While usually synonymous with one's birthday or the holidays, lifetime gifts can also serve an important role in one's estate planning. In its simplest form, gifting provides for a transfer of wealth and assets from one individual to another. In this regard, a gifting strategy may be used to complement broader wealth transfers through traditional wills and trusts. However, like any effective estate plan, it is important to understand the legal landscape of gifting, including the many legal issues and considerations impacting what constitutes a gift, the tax implications of gifting, and how gifting fits within an estate plan.
Given the complex nature of estate and tax planning, volumes have been written comprehensively covering all relevant aspects of legal gifting. In the interest of brevity, this article will highlight a few of the more critical considerations.
What Constitutes a "Gift?"
Aside from the ubiquitous ill-fitting sweater given at the holidays, legal "gifting" may include cash, tangible property (e.g. personal property, real estate, motor vehicles, stock or bond certificates) and/or intangible property (e.g. business interests). In Michigan, three elements are necessary to constitute a valid gift: (1) the donor (i.e. the person making the gift) must intend to gratuitously pass title/ownership of the property to the donee (i.e. the recipient of the gift); (2) actual or constructive delivery of the property must be made; and (3) the donee must accept the gift.1 With respect to the transfer/delivery of the gift, it is critical that title to the gift pass to the donee and that the delivery of the gift be unconditional; this means that a gift must be fully consummated during the lifetime of a donor2 and must invest ownership in the donee beyond the power of recall.3 Delivery may, however, be made either actually (i.e. delivery to the donee) or constructively (i.e. delivery to someone designated by the donee to receive the property on behalf of the donee).4 As to acceptance, the donee is presumed to have accepted the gift where the receipt of the gift would be otherwise beneficial to the donee.5
For a demonstration of these elements at work, consider the following examples:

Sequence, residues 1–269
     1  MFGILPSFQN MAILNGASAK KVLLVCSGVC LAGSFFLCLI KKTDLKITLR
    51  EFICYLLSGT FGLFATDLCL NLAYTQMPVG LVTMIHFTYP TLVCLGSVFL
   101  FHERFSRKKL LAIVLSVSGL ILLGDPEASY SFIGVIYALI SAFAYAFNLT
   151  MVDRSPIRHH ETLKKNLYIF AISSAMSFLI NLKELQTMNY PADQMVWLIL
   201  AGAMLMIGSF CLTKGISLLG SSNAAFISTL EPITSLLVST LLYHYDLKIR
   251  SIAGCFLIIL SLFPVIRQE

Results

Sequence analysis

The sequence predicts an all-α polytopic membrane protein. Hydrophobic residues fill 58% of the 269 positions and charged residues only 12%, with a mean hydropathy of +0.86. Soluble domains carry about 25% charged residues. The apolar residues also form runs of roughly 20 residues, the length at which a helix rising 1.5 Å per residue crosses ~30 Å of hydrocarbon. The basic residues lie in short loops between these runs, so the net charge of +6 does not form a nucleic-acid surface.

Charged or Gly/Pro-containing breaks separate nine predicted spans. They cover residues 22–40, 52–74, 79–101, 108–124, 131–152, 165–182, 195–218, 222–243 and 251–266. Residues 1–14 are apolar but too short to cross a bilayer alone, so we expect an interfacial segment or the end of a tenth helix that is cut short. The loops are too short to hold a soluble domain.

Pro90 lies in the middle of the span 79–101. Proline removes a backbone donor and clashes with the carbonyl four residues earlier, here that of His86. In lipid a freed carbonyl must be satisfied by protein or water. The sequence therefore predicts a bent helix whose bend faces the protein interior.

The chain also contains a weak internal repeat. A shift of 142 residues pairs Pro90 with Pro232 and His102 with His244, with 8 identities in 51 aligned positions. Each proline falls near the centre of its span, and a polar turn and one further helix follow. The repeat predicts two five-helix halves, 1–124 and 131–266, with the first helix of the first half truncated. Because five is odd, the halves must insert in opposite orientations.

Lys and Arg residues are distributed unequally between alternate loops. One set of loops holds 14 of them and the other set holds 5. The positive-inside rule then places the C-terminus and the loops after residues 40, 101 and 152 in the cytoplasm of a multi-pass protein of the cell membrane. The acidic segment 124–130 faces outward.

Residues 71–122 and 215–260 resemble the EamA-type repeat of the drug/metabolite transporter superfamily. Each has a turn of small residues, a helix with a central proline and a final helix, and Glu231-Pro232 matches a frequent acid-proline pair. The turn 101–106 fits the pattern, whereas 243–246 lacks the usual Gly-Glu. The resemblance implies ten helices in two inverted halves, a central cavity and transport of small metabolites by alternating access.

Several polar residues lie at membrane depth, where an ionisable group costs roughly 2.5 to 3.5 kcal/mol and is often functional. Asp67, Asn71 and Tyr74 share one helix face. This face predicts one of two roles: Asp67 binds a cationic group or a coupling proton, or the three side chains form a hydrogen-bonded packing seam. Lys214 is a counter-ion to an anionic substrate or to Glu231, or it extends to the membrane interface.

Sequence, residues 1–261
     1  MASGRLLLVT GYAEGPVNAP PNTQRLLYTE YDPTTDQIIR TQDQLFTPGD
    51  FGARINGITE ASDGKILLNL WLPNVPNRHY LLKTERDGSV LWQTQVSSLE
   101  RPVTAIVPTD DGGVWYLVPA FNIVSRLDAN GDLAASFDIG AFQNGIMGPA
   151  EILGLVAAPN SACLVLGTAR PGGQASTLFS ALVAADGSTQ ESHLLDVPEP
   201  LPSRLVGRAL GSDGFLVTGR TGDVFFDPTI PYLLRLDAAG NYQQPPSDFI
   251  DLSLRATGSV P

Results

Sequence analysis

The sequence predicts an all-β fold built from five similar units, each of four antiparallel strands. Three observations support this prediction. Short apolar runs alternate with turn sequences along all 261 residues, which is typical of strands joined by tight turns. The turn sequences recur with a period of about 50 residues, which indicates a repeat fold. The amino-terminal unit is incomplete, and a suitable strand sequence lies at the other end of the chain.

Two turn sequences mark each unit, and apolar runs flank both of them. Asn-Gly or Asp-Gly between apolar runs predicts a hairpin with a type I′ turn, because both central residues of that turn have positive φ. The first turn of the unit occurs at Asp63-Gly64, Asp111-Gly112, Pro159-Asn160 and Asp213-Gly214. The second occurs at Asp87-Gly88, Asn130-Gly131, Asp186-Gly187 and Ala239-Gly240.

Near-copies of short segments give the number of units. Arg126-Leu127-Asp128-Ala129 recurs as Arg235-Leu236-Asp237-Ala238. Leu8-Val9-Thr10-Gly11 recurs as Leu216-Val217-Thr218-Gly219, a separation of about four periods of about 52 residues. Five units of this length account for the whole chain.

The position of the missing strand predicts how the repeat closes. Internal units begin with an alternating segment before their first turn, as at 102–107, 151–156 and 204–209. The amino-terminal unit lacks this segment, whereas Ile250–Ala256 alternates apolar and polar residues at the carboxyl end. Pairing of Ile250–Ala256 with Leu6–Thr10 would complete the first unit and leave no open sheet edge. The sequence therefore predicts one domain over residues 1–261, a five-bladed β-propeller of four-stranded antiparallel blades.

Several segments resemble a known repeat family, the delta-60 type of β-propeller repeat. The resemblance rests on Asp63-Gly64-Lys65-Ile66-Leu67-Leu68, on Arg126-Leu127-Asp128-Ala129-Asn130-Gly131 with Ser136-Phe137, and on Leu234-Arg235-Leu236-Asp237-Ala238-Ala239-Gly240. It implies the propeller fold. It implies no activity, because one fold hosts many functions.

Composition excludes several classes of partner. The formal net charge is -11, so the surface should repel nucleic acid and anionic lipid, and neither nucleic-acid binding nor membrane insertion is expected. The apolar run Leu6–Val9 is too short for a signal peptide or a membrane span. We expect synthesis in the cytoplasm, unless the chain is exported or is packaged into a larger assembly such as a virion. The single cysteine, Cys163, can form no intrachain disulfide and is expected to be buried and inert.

A relative sends you a personal check made payable to you for $1,000 on your birthday. The gift is complete upon your receipt of the check.
A relative sends you a card on your birthday notifying you that he has opened a joint checking account in your and his name and that you may withdraw $1,000 from the account. The gift is not completed until you withdraw the funds from the account; until that time, the relative can regain the funds by unilaterally withdrawing all the funds.
In the hypotheticals above, the donative intent of the donor (the relative) was clear: he was providing a gift for you on your birthday; the occurrence and timing of the delivery were at issue. As described in more detail below, the intent of a donor, including whether a gift was actually contemplated, may not always be clear. Revisiting the joint checking account example above, if your name was added to the account only to enable you to assist the relative with check writing and other banking tasks, a gift would not occur even if you were to withdraw monies. Similarly, if your ability to negotiate (cash) the $1,000 check was expressly conditioned upon the occurrence of a future event (e.g. a note written on the check's "memo" line which states "for your graduation from a four year, accredited college") the requisite donative intent to make a $1,000 gift at the time when the check was initially delivered to the donee would not exist.
Tax Implications of Giving/Receiving a Gift
As a general matter, gifting implicates several types of tax regulations including income taxes, gift taxes, and estate taxes. For the donor, a well-planned gifting strategy can assist in the transfer of the donor's assets and wealth to reduce estate tax exposure. Generally, the donor is liable for gift taxes arising out of the transfer of the gifted property. However, federal law, particularly the estate and gift tax applicable exclusion amount, provides each individual with a basic exemption amount adjusted for inflation. In 2017, this exclusion amount is $5,490,000 ($10,980,000 per married couple). This exclusion is available to offset taxable gifts made during the donor's lifetime, and the balance of the applicable exclusion amount, if any, is available at death. In addition, the Internal Revenue Code also provides for "an annual gift tax exclusion," permitting each donor to exclude up to $14,0006 of gifts per donee per the calendar year tax-free. Married couples can "split" gifts and make tax free gifts of up to $28,000 per year, per donee. In order to qualify, the gift/transfer must be of a present interest - meaning the donee has all immediate rights to the use, possession, and enjoyment of the property as well as the income from the property.